The Spanish online gaming industry is currently considered by many as a test market, as it has different characteristics when compared to European regulated markets with different laws and procedures.

The regulation of the Spanish market started approximately a year and a half ago, so this is technically still an early-stage market with a model open to successive improvement and changes. As at October 2013, there are 51 licensed operators though not all of these have actually launched their products. These operators are holding back to review the best possible scenarios and instead focus on higher anticipated return products and regions. Consequently, Spain is currently operating a mixture of:

  • International Operators with a view to open a Spanish brand;
  • National Land Base Operators: Bingo, Casino, Poker and Slot machine Operators;
  • Media Communication Groups with a view to enter the online gaming market.

Many expect that the gaming sector will undergo some change in the upcoming months, namely:

  • Partnership between Operators, with the objective to reduce CapEx and thus exploit mutually competitive advantages;
  • New products regulation, such as Betting Exchanges and Online Slots;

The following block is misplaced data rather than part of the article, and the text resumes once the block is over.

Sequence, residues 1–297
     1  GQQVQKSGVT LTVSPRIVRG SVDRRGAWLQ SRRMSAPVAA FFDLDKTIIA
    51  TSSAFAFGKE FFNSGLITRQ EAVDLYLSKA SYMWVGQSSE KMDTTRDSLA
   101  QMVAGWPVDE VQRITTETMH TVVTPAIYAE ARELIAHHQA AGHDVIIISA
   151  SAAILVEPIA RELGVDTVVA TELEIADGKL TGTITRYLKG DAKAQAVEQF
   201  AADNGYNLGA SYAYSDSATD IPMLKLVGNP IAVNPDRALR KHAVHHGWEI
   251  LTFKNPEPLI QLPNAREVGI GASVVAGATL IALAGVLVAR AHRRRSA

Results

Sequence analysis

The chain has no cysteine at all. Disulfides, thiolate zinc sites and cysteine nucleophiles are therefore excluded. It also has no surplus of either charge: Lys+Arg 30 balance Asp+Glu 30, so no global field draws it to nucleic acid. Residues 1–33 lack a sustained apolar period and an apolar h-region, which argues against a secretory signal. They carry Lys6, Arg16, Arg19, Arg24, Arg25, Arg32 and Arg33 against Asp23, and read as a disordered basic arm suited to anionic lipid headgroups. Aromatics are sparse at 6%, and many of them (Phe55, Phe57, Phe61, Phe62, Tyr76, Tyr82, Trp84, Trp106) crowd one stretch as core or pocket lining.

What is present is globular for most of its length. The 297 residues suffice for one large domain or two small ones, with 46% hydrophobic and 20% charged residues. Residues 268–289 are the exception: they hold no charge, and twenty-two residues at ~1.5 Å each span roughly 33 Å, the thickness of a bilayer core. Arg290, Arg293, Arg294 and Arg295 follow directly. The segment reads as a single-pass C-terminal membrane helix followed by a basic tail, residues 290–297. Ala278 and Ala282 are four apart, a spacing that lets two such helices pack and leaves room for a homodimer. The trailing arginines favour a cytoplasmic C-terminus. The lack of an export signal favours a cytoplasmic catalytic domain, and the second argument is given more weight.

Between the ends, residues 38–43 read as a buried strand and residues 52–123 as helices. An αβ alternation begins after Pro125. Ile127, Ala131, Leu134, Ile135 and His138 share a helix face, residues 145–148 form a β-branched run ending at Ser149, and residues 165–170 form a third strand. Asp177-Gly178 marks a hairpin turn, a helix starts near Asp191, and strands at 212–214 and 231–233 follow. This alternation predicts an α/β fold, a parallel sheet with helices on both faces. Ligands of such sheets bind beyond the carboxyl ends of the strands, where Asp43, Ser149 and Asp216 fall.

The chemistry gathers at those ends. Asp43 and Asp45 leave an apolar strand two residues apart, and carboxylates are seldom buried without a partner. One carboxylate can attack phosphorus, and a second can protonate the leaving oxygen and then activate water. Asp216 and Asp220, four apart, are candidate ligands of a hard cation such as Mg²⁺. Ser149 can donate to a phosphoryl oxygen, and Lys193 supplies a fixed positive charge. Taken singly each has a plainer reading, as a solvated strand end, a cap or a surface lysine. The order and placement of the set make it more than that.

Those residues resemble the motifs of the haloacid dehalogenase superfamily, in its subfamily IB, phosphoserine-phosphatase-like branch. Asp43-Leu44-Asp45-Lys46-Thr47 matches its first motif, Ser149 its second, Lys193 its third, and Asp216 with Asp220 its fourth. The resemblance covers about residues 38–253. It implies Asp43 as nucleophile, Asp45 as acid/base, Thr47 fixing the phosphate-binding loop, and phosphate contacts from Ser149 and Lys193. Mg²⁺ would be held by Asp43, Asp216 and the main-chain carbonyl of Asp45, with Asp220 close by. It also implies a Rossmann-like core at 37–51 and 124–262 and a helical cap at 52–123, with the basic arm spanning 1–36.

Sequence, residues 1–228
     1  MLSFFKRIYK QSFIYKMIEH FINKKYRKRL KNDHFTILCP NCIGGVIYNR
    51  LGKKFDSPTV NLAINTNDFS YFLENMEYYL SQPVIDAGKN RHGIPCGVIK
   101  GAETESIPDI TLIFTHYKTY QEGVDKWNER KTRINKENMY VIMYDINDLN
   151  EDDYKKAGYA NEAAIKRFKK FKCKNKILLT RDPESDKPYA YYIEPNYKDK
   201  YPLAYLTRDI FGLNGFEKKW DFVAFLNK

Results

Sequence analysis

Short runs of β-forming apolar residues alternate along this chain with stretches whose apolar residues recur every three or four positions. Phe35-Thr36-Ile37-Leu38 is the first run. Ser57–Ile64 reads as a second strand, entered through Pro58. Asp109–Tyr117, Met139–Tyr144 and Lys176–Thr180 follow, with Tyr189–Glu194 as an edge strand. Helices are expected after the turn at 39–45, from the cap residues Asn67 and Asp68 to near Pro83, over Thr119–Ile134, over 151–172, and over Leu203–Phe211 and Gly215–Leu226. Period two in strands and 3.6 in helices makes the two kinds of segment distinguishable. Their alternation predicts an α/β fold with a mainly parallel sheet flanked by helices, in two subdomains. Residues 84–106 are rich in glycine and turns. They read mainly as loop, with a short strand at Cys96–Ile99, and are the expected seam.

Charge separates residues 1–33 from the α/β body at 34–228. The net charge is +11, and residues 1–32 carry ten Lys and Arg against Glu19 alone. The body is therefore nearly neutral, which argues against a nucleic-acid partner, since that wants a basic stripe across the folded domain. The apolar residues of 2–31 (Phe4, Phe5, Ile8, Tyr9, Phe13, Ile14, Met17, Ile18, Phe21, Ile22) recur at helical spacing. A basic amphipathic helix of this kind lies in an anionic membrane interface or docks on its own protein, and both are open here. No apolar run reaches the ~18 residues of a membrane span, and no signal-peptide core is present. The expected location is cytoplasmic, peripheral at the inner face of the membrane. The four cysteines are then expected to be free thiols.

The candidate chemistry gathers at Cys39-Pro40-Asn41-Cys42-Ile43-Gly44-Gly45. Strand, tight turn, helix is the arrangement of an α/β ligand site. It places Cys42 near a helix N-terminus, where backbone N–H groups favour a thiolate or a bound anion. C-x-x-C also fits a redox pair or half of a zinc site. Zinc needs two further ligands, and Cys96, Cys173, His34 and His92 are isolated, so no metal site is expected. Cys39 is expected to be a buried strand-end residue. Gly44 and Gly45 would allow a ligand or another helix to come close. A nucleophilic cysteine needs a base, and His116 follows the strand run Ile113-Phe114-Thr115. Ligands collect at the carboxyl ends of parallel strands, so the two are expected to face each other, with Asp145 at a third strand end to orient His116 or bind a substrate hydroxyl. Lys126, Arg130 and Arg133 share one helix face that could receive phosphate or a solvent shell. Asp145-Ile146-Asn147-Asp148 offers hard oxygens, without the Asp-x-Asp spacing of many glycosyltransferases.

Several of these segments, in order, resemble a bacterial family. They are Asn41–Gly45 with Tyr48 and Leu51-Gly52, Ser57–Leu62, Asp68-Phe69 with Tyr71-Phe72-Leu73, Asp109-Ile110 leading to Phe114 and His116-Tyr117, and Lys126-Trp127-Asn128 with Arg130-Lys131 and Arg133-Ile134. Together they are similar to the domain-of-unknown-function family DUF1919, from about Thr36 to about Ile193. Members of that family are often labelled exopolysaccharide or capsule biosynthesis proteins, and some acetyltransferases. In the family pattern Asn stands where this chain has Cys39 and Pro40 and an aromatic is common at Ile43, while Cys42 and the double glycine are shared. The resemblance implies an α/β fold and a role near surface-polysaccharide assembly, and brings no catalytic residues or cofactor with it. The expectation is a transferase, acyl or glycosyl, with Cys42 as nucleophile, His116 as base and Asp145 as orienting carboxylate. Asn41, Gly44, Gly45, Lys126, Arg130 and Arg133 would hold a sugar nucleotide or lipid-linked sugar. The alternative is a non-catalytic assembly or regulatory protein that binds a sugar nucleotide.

• Increased competition between Operators granted a National License, and those granted a Regional License;
  • A gradual expansion in product variety across land-based outlets such as kiosks, restaurants and betting shops;
  • Media agencies offering new products for online gaming.

Seeing as most of the Spanish operators have had to build their online offering effectively from the ground up, this has resulted in a number of unforeseen challenges that have contributed to delays in launch, and subsequent losses. One of the most significant challenges was the first-time integration between various gaming platforms, including Mediatech, BetWare, Microgaming and Playtech, which in some cases are still not working properly together. Conversely, most of the international operators have had significant integration experience and thus did not experience such issues.

Affiliate revenue is also a significant contributor to the Spanish operators. A NetRefer report on the state of the Spanish Market estimates that affiliates contribute as much as 44% to operator turnover. This figure could well increase in the near future as more operators seek to introduce attractive affiliate partner programs.

With regards to regulation, the Spanish Authorities (DGOJ) are using all the methods at their disposal to shut down illegal gaming sites, but this is not an easy task as it is impacted by the Laws on International Legislation and European Environment. The Ministry of Economy’s “Agencia Tributaria” department, has a remit to regulate and control revenue collection, and is increasingly more stringent with Operators, Players and all intermediate channels such as affiliates, super-affiliates and representatives.

For more information on the state of Spanish legislation, and how NetRefer can help operators regulate their affiliate invoicing and taxation, kindly contact your NetRefer account manager or come meet us at BAC later this month.